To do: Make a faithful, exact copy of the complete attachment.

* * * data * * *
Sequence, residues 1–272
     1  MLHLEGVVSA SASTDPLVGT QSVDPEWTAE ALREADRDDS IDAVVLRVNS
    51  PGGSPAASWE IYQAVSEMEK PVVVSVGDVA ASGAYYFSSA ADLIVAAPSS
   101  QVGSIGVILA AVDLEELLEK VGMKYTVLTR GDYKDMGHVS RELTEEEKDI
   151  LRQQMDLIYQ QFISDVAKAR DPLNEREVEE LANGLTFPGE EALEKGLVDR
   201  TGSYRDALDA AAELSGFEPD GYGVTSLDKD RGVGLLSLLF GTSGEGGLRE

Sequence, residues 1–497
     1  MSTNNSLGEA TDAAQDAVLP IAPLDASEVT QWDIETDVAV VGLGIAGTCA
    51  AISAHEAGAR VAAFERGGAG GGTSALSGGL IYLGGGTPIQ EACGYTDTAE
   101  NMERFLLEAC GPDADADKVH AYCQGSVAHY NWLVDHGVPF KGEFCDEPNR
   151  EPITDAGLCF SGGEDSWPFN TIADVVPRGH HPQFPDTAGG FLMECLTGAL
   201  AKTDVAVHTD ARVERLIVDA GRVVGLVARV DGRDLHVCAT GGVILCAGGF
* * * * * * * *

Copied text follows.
Sequence, residues 1–272
     1  MLHLEGVVSA SASTDPLVGT QSVDPEWTAE ALREADRDDS IDAVVLRVNS
    51  PGGSPAASWE IYQAVSEMEK PVVVSVGDVA ASGAYYFSSA ADLIVAAPSS
   101  QVGSIGVILA AVDLEELLEK VGMKYTVLTR GDYKDMGHVS RELTEEEKDI
   151  LRQQMDLIYQ QFISDVAKAR DPLNEREVEE LANGLTFPGE EALEKGLVDR
   201  TGSYRDALDA AAELSGFEPD GYGVTSLDKD RGVGLLSLLF GTSGEGGLRE

Sequence, residues 1–497
     1  MSTNNSLGEA TDAAQDAVLP IAPLDASEVT QWDIETDVAV VGLGIAGTCA
    51  AISAHEAGAR VAAFERGGAG GGTSALSGGL IYLGGGTPIQ EACGYTDTAE
   101  NMERFLLEAC GPDADADKVH AYCQGSVAHY NWLVDHGVPF KGEFCDEPNR
   151  EPITDAGLCF SGGEDSWPFN TIADVVPRGH HPQFPDTAGG FLMECLTGAL
   201  AKTDVAVHTD ARVERLIVDA GRVVGLVARV DGRDLHVCAT GGVILCAGGF